TOC  | ID |  Neurology


Bacterial meningitis                          Lumbar Puncture  

1. Clinical presentation. More than 85% of patients with bacterial meningitis classically present with fever, headache, meningismus, and signs of cerebral dysfunction (i.e., confusion, delirium, or a declining level of consciousness ranging from lethargy to coma)

2. Meningismus may be subtle, marked, or accompanied by Kernig's or Brudzinski's signs. It is important to note, however, that these signs are elicited in only 50% or so of adult patients with bacterial meningitis, and their absence does not rule out the diagnosis.

3. Cranial nerve palsies (especially involving cranial nerves III, IV, VI, and VII) and focal cerebral signs are seen in 10-20% of cases. Seizures occur in approximately 30% of patients.

With disease progression, patients may develop signs of increased intracranial pressure including coma, hypertension, bradycardia, and palsy of cranial nerve III.

Papilledema is seen in fewer than 1% of cases early in infection, and its presence should suggest an alternative diagnosis.

4. A specific etiologic diagnosis in patients with bacterial meningitis may be suggested by certain symptoms or signs.

a. Characteristic skin rash. For example, nearly 50% of patients with meningococcemia, with or without meningitis, present with a prominent rash located principally on the extremities . The rash is typically erythematous and macular early in the course of illness, but quickly evolves into a petechial phase and then further coalesces into a purpuric form.  The rash often matures rapidly, with new petechial lesions appearing during the physical examination. A similar rash may also be seen in patients who have undergone splenectomy with rapidly overwhelming sepsis caused by S. pneumoniae or H. influenzae type b.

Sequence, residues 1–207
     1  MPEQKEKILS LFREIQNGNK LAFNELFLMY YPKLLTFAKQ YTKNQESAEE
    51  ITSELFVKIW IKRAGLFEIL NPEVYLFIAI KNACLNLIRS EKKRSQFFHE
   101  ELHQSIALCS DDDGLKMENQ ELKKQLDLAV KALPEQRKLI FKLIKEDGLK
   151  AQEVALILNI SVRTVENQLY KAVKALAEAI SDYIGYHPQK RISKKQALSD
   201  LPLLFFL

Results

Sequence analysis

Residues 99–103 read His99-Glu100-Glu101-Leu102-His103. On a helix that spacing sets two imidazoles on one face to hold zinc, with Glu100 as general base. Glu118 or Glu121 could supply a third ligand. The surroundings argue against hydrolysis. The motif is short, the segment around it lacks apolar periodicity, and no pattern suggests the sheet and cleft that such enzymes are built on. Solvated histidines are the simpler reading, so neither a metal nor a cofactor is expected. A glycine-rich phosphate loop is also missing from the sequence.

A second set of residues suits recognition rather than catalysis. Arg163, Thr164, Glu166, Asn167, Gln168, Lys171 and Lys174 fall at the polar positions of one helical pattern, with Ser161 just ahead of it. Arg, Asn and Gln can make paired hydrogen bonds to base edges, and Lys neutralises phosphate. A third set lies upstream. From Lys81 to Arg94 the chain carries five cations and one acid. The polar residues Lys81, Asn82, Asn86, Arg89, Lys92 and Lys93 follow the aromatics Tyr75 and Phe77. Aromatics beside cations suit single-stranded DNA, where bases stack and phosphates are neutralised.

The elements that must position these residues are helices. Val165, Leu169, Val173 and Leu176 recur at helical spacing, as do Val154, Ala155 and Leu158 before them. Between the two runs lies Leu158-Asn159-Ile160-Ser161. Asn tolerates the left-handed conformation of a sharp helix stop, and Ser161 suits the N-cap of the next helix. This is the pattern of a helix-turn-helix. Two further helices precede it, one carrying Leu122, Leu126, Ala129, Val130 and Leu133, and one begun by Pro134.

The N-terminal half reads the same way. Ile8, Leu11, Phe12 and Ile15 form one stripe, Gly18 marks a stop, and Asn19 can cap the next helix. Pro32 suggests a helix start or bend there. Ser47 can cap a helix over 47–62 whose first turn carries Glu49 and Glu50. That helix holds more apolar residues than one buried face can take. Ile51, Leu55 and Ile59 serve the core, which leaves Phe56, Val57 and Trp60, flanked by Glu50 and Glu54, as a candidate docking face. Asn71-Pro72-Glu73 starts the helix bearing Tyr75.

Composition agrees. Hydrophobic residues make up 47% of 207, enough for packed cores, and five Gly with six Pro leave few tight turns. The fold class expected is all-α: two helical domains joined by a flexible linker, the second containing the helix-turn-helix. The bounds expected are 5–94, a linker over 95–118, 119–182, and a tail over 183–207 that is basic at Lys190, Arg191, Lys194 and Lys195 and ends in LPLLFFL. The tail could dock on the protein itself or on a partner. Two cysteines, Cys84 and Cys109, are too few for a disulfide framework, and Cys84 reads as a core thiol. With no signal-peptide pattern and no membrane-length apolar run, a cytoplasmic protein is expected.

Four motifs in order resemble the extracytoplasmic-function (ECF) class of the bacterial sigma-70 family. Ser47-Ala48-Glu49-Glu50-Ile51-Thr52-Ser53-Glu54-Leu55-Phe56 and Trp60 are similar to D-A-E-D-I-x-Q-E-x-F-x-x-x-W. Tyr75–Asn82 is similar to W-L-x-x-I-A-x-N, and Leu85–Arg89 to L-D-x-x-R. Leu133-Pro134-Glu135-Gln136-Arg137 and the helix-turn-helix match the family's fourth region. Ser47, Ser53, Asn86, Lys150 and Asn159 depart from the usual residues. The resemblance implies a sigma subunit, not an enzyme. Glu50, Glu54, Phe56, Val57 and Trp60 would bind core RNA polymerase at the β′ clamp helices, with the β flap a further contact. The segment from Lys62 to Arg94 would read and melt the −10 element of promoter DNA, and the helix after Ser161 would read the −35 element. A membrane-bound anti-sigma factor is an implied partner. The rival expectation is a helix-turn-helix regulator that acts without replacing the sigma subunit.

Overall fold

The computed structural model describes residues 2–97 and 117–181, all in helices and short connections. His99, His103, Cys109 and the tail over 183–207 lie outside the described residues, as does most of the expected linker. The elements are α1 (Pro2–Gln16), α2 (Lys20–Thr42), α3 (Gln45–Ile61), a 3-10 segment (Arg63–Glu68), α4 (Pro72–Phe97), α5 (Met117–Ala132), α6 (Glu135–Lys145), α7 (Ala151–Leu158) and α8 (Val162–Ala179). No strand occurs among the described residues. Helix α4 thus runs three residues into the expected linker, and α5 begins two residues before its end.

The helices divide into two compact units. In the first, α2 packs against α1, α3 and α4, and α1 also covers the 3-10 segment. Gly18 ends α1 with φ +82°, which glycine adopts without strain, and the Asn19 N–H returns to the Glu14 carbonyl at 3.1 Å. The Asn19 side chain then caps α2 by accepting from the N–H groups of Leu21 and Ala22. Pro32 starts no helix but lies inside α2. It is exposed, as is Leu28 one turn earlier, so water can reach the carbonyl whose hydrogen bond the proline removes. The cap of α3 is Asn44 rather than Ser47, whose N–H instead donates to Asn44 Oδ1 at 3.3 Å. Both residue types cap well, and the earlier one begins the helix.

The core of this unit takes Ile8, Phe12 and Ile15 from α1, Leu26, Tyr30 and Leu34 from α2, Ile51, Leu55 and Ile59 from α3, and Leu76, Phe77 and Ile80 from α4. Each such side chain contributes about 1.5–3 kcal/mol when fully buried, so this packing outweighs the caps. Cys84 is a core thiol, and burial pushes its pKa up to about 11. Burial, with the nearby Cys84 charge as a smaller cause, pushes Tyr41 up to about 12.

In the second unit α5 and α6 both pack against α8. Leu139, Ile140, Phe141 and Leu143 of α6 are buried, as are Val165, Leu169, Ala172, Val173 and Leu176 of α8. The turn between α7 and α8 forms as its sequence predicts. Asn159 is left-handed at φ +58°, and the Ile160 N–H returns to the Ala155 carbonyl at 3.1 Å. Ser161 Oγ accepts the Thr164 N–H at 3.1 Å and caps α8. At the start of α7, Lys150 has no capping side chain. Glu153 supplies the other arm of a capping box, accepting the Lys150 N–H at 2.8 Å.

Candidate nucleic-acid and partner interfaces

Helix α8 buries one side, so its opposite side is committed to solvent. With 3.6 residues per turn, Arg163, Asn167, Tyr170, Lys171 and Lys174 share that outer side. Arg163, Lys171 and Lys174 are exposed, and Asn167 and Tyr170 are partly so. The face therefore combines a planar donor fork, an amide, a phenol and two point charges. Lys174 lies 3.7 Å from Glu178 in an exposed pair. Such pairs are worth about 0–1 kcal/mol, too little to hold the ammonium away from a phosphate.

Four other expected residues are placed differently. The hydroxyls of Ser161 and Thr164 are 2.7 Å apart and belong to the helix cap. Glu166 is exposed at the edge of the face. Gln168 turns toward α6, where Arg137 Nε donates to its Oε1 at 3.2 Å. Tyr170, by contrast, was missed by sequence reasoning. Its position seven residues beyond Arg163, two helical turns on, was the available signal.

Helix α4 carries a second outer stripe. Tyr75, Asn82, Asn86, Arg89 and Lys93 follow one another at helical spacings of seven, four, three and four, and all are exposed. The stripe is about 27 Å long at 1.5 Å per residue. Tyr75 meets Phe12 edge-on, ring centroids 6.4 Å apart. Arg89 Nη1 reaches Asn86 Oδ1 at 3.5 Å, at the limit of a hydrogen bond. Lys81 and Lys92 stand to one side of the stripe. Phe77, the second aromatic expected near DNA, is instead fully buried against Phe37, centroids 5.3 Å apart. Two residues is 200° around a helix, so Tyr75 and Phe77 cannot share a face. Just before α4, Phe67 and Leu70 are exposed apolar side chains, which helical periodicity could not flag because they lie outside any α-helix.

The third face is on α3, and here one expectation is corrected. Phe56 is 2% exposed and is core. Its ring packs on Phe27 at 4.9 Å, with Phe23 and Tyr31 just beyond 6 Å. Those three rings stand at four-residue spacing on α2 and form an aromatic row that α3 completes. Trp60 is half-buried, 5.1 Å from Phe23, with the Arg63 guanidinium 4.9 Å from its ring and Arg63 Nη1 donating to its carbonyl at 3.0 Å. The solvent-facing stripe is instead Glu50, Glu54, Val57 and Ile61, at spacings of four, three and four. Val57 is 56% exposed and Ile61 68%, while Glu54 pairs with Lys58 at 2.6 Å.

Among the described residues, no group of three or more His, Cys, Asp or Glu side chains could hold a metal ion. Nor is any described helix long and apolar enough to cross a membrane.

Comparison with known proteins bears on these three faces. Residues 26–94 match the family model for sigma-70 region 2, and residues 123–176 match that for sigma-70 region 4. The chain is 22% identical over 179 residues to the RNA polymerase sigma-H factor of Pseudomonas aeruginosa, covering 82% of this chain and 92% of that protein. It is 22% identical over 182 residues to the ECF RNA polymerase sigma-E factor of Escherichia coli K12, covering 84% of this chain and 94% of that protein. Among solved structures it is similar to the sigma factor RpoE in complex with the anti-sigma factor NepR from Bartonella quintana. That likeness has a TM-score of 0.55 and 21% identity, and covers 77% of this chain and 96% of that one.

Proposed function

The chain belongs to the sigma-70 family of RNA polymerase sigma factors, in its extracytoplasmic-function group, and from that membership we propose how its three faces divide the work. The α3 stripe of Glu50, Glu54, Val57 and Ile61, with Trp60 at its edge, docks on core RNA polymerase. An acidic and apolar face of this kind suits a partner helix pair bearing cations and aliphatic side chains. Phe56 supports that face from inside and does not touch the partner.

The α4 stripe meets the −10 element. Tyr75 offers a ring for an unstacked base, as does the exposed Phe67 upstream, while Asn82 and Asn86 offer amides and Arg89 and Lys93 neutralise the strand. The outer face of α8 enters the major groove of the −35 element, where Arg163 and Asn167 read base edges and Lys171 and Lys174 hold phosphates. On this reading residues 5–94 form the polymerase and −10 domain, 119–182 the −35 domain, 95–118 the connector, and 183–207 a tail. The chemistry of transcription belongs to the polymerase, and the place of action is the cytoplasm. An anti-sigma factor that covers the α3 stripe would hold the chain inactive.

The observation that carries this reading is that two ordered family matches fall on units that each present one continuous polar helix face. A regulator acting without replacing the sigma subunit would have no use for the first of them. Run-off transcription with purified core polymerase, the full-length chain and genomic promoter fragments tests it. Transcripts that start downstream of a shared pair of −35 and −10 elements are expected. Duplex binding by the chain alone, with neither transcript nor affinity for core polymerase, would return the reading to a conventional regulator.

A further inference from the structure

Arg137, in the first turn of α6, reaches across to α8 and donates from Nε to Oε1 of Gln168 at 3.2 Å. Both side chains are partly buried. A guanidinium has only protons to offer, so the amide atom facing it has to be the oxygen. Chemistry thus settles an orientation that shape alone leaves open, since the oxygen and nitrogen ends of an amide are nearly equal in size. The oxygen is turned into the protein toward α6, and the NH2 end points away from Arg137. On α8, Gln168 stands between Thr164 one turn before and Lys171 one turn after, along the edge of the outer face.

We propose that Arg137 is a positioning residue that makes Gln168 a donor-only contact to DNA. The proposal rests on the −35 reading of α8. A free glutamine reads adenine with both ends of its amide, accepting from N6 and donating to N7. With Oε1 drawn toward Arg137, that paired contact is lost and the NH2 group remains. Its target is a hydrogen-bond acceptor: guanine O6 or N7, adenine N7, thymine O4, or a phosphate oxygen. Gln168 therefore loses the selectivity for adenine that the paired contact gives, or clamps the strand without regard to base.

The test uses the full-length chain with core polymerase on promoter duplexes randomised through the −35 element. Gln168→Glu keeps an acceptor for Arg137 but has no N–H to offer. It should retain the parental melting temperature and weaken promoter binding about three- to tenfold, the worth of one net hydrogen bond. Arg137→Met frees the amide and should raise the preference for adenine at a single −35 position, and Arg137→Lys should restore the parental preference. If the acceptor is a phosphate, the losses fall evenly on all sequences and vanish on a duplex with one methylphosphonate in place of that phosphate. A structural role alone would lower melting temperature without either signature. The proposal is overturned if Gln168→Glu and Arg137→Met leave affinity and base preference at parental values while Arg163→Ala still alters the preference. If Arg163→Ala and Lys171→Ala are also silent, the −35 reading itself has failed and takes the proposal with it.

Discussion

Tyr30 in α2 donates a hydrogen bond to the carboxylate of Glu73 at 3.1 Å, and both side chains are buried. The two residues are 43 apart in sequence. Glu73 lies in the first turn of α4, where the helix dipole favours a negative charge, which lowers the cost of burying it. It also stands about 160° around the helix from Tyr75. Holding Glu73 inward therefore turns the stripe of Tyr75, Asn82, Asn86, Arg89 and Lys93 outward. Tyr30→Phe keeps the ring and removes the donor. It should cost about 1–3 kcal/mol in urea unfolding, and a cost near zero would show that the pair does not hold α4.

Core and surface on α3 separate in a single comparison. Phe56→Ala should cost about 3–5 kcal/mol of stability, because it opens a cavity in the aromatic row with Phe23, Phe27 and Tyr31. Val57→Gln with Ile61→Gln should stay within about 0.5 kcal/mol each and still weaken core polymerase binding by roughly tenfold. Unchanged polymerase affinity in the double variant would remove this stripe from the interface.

b. Rhinorrhea or otorrhea due to a CSF leak may occur in patients who have suffered a basilar skull fracture in which a dural fistula is produced between the subarachnoid space and nasal cavity, the paranasal sinuses, or middle ear. In these patients, meningitis may be recurrent and is most commonly caused by S. pneumoniae.

c. Patients with L. monocytogenes meningitis have an increased tendency to experience seizures and focal deficits early in the course of infection, and some patients may present with ataxia, cranial nerve palsies, or nystagmus due to rhomboencephalitis, although there may be no evidence of parenchymal brain involvement.

5. Some patients may not manifest many of the classic symptoms and signs of bacterial meningitis. For example, elderly patients with bacterial meningitis, especially those with underlying conditions (e.g., diabetes mellitus or cardiopulmonary disease), may present insidiously with lethargy or obtundation, no fever, and variable signs of meningeal inflammation . In patients with head trauma, the symptoms and signs of meningitis may be present as a result of the underlying injury and not meningitis . In all these subgroups of patients, an altered or changed mental status should not be ascribed to other causes until bacterial meningitis has been excluded by CSF examination.

Empiric Antibiotic Treatment:

Cefotaxime 2gms q6-8h
Amp 3gms q4-6h + Cefotaxime 2gms q6-8h
Amp + Ceftazidime 2gms q8h
Vanco 1gm q12h + Ceftazidime 2gms q8h
Meropenem 1gm q8h + Vancomycin 1gm q12h

A Practical Approach to Infectious Diseases - Richard E. Reese & Robert F. Betts

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